The ebb and flow of life culminates in the signature of a single fingertip.

Time imprints itself on men’s divided hearts.

 

What does this object remind you of?

ORDINARY OBJECTS THAT LOOK LIKE THE BENDING OF SPACE AND TIME

Interspacial Plume 1 copy

Marisa D. Aceves. Inter-spatial Plume. digital photography. 2015.

To view more of my work please visit acevesart.com

Fiery tongues bend toward the light. Vanity chases the outer limits of possibility, yet never succeeds in contemplating the mysteries of eternity. Dwelling in quiet pools of desperation, she can only gaze at countless reflections of herself.

Sorry folks, I’ve been quite ill this weekend so this is a real stretch for me, but I’ve succeeded in pushing my puny self to the computer to get this little ole’ post to you.  This is a new addition to the Reflections/Refractions Gallery on my website. Once more I found the source of my inspiration at a store our family likes to visit.  I felt this particular object reminded me of the bending of space and time or perhaps the inside of a wormhole. What does this object remind you of?

Have a wonderful weekend and don’t forget to live life creatively!

What Is Your Artistic Legacy?

Grandmother's House 1st Bedroom

 

Marisa D. Aceves. Grandmother’s House: 1st Bedroom. digital photography

Years from now…legacy

article by Marisa D. Aceves

For the last three months our minds, hearts, and lives have been tied up in preparing Eloisa’s house for sale.

Although things have slowed down considerably, I have still managed to find solace in faithfully recording some small treasures and a few rooms that remind me of my grandmother’s love.

We will make the long trip to her house again this coming week, but the journey will be a bittersweet one.

Potential buyers will traipse through the long corridor with its’ gold linoleum floors, gradually making their way through the living room, bedroom, kitchen and bath.

Eloisa was not her house; it was only a place she occupied for a certain period of time.

She has been gone for fourteen years, yet our memories of her remain.

It is not as though she sat up one day and announced that she was going to have a wonderful life and endear herself to many of the people that she came into contact with, but that is exactly what she did and all within the small, intimate confines of a typical Texas neighborhood.

The world may find the existence of an ordinary housewife boring even inconsequential.

“There’s not much of a story to tell”, they’d say under their breath preferring to read and write about flamboyant, drunken playwrights or headstrong, oversexed politicians.

There is a story to tell.

While the majority of the world may lack the imagination to see the overlooked beauty and profoundness of everyday occurrences, my grandmother knew that it is a series of small moments that make up our lives not just a couple of huge, game changing events.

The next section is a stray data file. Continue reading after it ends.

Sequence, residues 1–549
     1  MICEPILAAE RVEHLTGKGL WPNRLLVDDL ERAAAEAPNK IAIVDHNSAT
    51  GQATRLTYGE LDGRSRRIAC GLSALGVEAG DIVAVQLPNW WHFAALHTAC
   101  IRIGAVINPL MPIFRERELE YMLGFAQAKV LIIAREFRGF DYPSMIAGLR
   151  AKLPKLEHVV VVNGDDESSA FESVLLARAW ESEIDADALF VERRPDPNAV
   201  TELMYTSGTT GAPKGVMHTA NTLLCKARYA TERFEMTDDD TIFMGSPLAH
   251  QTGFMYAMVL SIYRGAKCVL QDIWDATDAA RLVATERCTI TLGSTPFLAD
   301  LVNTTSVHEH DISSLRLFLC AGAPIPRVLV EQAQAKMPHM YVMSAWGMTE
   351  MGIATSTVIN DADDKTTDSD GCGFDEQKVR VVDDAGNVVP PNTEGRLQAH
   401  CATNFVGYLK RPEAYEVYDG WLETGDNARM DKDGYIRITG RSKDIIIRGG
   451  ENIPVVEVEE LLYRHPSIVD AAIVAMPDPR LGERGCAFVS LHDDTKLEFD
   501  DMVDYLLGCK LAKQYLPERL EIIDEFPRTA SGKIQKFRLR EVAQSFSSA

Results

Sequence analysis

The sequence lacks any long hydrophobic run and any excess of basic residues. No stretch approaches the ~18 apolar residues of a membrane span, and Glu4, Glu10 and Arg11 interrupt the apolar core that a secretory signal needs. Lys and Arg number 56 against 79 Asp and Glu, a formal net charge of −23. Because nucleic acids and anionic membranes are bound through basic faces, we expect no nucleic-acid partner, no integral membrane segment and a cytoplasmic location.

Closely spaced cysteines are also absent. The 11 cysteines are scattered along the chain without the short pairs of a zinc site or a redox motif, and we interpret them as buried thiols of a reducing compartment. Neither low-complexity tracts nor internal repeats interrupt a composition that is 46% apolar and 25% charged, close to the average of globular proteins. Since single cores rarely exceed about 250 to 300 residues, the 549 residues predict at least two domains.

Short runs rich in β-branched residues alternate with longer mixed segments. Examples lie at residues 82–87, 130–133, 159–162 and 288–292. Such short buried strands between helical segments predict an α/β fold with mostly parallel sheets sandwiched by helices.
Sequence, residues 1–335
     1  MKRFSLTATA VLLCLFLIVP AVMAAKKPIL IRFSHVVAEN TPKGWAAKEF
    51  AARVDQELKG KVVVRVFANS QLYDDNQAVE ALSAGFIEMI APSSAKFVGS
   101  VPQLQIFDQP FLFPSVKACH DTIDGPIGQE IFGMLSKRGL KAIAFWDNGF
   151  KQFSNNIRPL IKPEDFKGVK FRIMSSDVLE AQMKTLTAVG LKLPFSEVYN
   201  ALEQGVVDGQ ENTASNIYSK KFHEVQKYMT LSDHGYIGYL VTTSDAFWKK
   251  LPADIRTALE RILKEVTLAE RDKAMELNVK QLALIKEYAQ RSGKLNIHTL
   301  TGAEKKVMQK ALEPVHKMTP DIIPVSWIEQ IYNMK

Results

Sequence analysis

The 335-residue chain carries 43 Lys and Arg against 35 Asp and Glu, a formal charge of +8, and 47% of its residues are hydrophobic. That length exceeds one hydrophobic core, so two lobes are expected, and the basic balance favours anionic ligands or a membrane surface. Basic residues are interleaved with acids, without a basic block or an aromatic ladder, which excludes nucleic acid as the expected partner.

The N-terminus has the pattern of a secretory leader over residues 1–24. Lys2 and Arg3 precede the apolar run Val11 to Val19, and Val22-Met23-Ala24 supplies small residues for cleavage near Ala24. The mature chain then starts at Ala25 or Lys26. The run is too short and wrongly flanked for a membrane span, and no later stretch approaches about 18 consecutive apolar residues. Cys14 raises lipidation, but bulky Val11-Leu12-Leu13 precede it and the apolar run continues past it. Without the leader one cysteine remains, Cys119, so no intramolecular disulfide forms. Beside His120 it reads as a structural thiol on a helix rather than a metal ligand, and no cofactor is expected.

If we can maintain a constant attitude of gratefulness for each and every second we are blessed to experience, we will never lose the child-like sense of wonder that leads to happiness.

She grew up sheltered from the persistent pessimism of her day.

Simple swatches of left-over wrapping paper were saved fastidiously, but not out of fear that she would not have enough of the everyday necessities we often take for granted.

“Someone else will need them!,” she would say as she carefully cut the small pieces of tape that sealed her latest birthday present, gently folding the paper into a neat rectangle for a neighbors future use.

Whenever someone was hungry, she always had beans, buttery tortillas and pinched star cookies ready to take home.

My grandmother lived her life for others; the majority of the things she did or said revolved around what was best for them.

She never judged you because you had problems; she would always pray for you and give you a big hug when you were ready to leave.

Eloisa’s legacy was a life of unconditional love and acceptance; it was a life steeped in spiritual simplicity.

Our legacy might be a different one than my grandmother’s, but all of us have an intense longing to be loved and remembered.

We want to know that somehow in this crazy, unpredictable world we made a difference.

What is your artistic legacy?

Is your work a way of life?

Does it illustrate your dreams, fears, and hopes?

What does it reveal about the way you view yourself and others?

Will you make a name for yourself and die lonely, or will you end this life with gratitude surrounded by friends and family?

Can you really have it all or do you believe you must sacrifice everything for your art?

These are questions only you can answer?

Perhaps your legacy will be based on a mantra you invent when you’re sixteen years old or maybe like Eloisa you will simply live an artful life that speaks for itself.